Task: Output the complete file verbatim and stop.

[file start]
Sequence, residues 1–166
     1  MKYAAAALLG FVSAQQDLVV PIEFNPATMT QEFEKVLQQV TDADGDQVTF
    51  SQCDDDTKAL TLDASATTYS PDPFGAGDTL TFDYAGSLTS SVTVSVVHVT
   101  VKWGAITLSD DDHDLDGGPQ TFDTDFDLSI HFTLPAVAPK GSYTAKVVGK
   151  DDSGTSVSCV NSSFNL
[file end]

Sequence, residues 1–166
     1  MKYAAAALLG FVSAQQDLVV PIEFNPATMT QEFEKVLQQV TDADGDQVTF
    51  SQCDDDTKAL TLDASATTYS PDPFGAGDTL TFDYAGSLTS SVTVSVVHVT
   101  VKWGAITLSD DDHDLDGGPQ TFDTDFDLSI HFTLPAVAPK GSYTAKVVGK
   151  DDSGTSVSCV NSSFNL